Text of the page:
Category: Cronkite News

Performance-tracking technology makes its way into youth sports

Mario Kalo Tuesday, Dec. 22, 2015 Performance-tracking technology makes its way into youth sports When Dave Dengerink arrived at Texas Rush Soccer Club in Spring, Texas, as the youth soccer academy’s director of coaching and player development three years ago, he knew the kids possessed intangibles and skills few across the country owned. Many of them could already anticipate attacking methods, pursue the ball, intercept passes, and quickly initiate counterattacks. But he noticed one recurring issue: injuries. Dengerink turned to technology to combat the rash of injuries on his team and keep players fit. “This same group of girls I’m coaching last year had seven major injuries,” Dengerink said. “By major injuries, I’ll say an ACL tear or anything that has kept you out at least nine months. Since the implementation of (technology), I’ve had one.” Texas Rush Soccer Club uses Fit For 90, a science-driven player monitoring system aimed at preventing injuries through customized alerts about player readiness, muscle soreness and training load. The system has not made its way to Arizona youth sports yet, but local organizers see the potential it could bring. Fit For 90 was launched in 2013 by John Cone, former assistant coach with Major League Soccer club Sporting KC and director of sports science with the Portland Timbers. Cone, who has a doctorate in kinesiology, said the system was initially developed during his...

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Playing multiple sports can prevent young athletes from burning out

Cody Fincher Tuesday, Dec. 22, 2015 Playing multiple sports can prevent young athletes from burning out Madison Woolgare balances two sports as a sophomore at Desert Vista High School, competitive cheer and swimming. “I definitely enjoy being able to participate in different things,” Woolgare said. “Because swim is more of an individual sport whereas cheer, I have my team. So I think you get both aspects of that. Also, the workout it gives you, too.” Athletes like Woolgare are becoming increasinglyhard to find, as pressure mounts to specialize in a single sport at a young age. “It’s becoming rare,” said Arizona State women’s basketball coach Charli Turner Thorne. “It’s the pressure from club coaches, and the parents kind of think, ‘Oh, if my kid’s going to get a scholarship, then I’ve got to get them to focus.’” .embed-container { position: relative; padding-bottom: 56.25%; height: 0; overflow: hidden; max-width: 100%; } .embed-container iframe, .embed-container object, .embed-container embed { position: absolute; top: 0; left: 0; width: 100%; height: 100%; } Jennifer Lannon has had a front row seat for this trend as owner of AZ All-Stars Tumbling and Cheer in Tempe, where Woolgare cheers. “Nowadays, it’s so competitive and the parent has changed,” Lannon said. “The parent doesn’t drop off anymore. They drop off and they watch and they will put hundreds of thousands of dollars to make sure that their...

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Arizona is fastest growing state for youth hockey participation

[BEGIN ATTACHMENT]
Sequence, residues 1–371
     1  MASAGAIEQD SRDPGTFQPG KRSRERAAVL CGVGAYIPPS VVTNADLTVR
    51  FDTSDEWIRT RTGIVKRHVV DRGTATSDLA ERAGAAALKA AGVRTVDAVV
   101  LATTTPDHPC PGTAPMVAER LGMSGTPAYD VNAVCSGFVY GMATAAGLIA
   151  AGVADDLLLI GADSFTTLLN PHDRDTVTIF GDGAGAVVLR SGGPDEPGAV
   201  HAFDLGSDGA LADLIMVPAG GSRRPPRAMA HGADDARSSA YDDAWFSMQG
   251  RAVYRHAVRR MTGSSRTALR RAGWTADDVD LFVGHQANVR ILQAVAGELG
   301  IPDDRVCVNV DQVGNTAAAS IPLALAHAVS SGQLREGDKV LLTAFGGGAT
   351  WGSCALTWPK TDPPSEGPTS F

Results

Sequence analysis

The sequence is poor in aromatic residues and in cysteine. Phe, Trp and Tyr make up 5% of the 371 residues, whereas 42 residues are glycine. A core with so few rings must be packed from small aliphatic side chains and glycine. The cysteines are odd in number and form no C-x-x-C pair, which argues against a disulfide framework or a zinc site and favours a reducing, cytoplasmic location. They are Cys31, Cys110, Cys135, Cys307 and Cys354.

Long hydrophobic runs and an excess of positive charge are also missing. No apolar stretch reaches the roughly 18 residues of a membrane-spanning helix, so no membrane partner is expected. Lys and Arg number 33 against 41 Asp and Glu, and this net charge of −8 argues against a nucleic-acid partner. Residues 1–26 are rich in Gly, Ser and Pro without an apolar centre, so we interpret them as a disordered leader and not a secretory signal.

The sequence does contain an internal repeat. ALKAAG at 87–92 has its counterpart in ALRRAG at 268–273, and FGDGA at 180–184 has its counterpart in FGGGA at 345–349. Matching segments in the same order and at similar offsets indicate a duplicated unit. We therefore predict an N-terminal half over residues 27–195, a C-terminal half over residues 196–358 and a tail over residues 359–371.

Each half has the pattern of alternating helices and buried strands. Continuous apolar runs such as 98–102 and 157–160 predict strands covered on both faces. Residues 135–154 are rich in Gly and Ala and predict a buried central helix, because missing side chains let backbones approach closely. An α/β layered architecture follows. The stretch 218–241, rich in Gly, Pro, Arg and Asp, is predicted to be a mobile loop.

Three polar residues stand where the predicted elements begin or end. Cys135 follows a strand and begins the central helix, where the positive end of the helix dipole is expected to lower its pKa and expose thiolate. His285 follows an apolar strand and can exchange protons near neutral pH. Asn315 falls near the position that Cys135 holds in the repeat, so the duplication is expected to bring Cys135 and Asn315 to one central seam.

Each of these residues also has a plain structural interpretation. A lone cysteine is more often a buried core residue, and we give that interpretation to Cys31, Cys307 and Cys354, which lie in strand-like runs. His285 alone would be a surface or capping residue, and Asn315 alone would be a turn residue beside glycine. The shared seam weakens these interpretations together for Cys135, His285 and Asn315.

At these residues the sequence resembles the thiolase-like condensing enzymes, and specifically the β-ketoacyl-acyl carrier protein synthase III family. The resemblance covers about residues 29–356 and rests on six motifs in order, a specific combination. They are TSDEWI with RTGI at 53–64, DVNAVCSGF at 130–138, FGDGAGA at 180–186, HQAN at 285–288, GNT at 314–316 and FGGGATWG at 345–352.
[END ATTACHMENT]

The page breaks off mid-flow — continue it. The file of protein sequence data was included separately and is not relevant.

Becca Winn Tuesday, Dec. 22, 2015 Arizona is fastest growing state for youth hockey participation According to USA Hockey’s 2014-15 annual report, Arizona is the fastest growing state for youth hockey. Cronkite News reporter Rebecca Winn found out what factors may be contributing to the sudden growth of the sport in the Valley. .embed-container { position: relative; padding-bottom: 56.25%; height: 0; overflow: hidden; max-width: 100%; } .embed-container iframe, .embed-container object, .embed-container embed { position: absolute; top: 0; left: 0; width: 100%; height: 100%;...

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Cronkite News: Dec. 22, 2015

Staff Tuesday, Dec. 22, 2015 Cronkite News: Dec. 22, 2015 This special edition of Cronkite News focuses on our top stories from the semester on the consumer and health beat..embed-container { position: relative; padding-bottom: 56.25%; height: 0; overflow: hidden; max-width: 100%; } .embed-container iframe, .embed-container object, .embed-container embed { position: absolute; top: 0; left: 0; width: 100%; height: 100%;...

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Arizona charter schools turn 20 with higher test scores

James Anderson Tuesday, Dec. 22, 2015 Arizona charter schools turn 20 with higher test scores Nestled between a taco shop, a gas station and a church lies the Gilbert campus of Leading Edge Academy. A former Albertsons grocery store on the strip mall is what the small public school calls home. Leading Edge’s campus is one of more than 600 charter schools in Arizona, which has been fostering the often misunderstood educational system for 20 years. “It’s kind of what I would call a hybrid model,” said Becki Krueger, Leading Edge’s business manager. “We’re a public-funded, privately run company, basically.” Charters receive per pupil funding from the state like traditional district public schools but differ in not being able to receive funding for facilities and cannot sell bonds and pass overrides. State law requires charters to admit applying students on a first-come-first-serve basis unlike private schools. “We are under the same rules as a district school. We cannot turn away students,” Krueger said. Charter school enrollment has steadily grown to more than 170,000 students since the State Legislature approved the school system in 1994. The state has just more than 1 million K-12 students in public schools. The goal of the charter school system, according to Arizona Charter Schools Association CEO Eileen Sigmund, is “to improve student achievement and provide parents a choice.” School choice is a popular idea...

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